Sometimes, we'd just sit outside and look up at the stars and wonder at the universe.

The nearby creek represented endless discovery. Despite the shallowness in summer, we waded into the deepest part to "swim", carefully avoiding the multitudinous crayfish and their tiny but vicious pinches. We constructed dams out of rocks and congratulated ourselves on the deepness of the pools that resulted. We caught crayfish, utilizing the most accurate method (carefully and slowly sneak a net or container down behind them, then scare them from the front, making them shoot backwards). We netted small fish: once I kept a stickleback for several months, until it slowly nibbled away at a tadpole I added for company. We went fishing, despite the fact that our most impressive catches rarely registered over six inches. We waded across and explored the woods on the other side, using a downed tree as a "fort". Once three of our most adventurous friends constructed a raft and floated down the creek into the pond, nearly capsizing themselves in the process and having to be rescued.

We spent entire days hiking through the forest and swinging from the ponderous hairy vines that hung from the trees in a way that would have credited any tropical forest. We climbed trees: one in our yard was so perfect and climbed so frequently that I could swing up it as smoothly and as quickly as a monkey. One of my favorite spots to read was perched on the low branch of another tree. The giant willow with its two tire swings amused us endlessly until it came crashing down in an ill-fated windstorm.

There were also more solitary pursuits. I was an inveterate collector and our yard represented collector's paradise. We theorized that it must have been a colonial dump due to the number of glass bottles, porcelain pieces, doll parts, and rusted iron implements we dug up. Once I found an African coin complete with a full-masted clipper on one side and a hole through the top (sadly lost long ago). I had a lovely collection of intact glass soft drinks bottles, including Pepsi and the famous Coke bottle. Ours was also an area rich in fossils, and my entire room turned into a display of my prized collection. Finally, fed up with dirt and stray rock bits, my mother made me move the impromptu museum into the basement: a transgression I have only recently forgiven her for since they all disappeared.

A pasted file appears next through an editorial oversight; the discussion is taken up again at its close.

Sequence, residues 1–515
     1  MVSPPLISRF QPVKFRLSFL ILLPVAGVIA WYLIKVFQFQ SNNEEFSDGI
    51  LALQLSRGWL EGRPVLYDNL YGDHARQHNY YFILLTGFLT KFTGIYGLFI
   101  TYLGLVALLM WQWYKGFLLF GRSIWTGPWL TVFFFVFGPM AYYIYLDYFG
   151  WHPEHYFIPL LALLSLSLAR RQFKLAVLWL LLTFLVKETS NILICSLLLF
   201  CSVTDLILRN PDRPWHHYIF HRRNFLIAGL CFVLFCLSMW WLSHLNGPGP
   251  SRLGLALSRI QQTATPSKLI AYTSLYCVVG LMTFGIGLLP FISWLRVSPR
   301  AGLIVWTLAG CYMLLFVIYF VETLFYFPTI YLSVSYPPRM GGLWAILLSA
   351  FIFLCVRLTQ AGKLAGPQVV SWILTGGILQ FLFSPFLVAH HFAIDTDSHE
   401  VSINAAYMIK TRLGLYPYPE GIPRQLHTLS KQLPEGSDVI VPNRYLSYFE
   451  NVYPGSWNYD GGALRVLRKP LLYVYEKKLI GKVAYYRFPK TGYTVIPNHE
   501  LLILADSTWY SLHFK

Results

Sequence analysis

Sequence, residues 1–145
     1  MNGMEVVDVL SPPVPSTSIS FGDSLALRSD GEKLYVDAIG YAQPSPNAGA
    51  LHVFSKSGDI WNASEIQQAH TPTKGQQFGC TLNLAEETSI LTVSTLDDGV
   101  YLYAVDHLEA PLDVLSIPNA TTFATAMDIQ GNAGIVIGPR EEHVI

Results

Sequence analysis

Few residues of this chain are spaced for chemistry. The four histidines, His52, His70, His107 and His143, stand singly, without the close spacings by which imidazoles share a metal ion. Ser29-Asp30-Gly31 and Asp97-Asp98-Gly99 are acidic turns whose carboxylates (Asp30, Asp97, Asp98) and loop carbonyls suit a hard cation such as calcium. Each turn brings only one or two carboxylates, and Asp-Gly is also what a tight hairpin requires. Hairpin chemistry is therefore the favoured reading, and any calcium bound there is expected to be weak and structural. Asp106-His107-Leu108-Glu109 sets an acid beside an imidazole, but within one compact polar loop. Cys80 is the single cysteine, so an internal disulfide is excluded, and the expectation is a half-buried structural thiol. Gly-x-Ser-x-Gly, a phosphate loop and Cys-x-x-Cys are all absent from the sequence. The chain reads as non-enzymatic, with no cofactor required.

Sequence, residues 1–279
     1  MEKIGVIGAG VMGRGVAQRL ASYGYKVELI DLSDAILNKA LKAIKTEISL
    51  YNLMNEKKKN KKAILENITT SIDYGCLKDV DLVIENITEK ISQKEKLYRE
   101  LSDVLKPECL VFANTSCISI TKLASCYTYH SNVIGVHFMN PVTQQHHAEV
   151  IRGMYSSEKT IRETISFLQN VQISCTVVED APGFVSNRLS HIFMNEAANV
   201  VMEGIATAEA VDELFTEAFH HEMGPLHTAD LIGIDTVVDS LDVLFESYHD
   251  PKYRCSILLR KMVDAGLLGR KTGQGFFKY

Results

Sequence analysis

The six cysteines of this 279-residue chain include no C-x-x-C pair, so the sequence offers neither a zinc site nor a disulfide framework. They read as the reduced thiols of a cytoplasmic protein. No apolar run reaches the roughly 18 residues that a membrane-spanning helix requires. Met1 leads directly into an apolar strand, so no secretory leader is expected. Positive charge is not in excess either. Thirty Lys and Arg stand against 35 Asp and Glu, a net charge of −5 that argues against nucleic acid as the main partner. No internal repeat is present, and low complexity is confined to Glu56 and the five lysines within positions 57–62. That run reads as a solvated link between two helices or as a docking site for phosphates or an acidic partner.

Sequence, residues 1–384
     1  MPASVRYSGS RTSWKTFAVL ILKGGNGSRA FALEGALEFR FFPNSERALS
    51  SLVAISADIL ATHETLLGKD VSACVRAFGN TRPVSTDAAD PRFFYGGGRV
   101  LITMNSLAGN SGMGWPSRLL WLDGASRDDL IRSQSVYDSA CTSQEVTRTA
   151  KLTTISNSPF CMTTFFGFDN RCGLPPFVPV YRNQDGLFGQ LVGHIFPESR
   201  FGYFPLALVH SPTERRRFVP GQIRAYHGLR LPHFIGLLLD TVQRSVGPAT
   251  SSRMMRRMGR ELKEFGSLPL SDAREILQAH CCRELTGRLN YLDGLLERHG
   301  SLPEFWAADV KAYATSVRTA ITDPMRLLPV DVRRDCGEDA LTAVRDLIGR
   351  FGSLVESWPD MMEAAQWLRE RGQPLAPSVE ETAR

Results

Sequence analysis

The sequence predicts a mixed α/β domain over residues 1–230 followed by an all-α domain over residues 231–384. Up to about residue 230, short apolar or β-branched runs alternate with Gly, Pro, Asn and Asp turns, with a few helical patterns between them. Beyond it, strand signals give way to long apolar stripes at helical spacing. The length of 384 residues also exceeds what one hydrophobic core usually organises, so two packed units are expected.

Because we were solely responsible for coming up with our own entertainment, we were nearly unlimited in our inventiveness. My two younger brothers and I had to be forcibly pried away from spending every spare moment with our friends and outdoors. When we were (our parents were of the opinion that too much time with them wasn't good for us), we mourned. Nobody had to put us into a summer program, or convince us that physical activity was a good thing. We were lean and strong as whips and happily self-motivated. We got messy and dirty and cut and bruised and gloriously tired out. And we enjoyed it.

When I look back, this part of my childhood seems like paradise: the writer's dream of a long, lazy, free existence owned by a gang of kids who roam at will.

In a typical memory, it is summer. The sun has come up through the tree outside my window with the promise of another blazing-hot, perfect day. We will gather together with Casey, Mike, Dave, and if necessary, our wider circle of friends, and we'll plan what to do for the day. We'll pick teams, and go. All day long, until we are reluctantly called home for supper, we will play. We'll make plans to gather up again after supper. And we'll play again until our curfew cuts us off and we have to troop home, with assurances that we'll do it all again tomorrow.

I never thought I was old enough for this kind of nostalgia. But when I compare our healthy lifestyle with the children who spend most of their time in front of a computer or a TV, I feel very lucky indeed. We were fierce and wild and untameable, but mostly innocent, and we had lots of fun. Thanks to my parents, for one choice well made.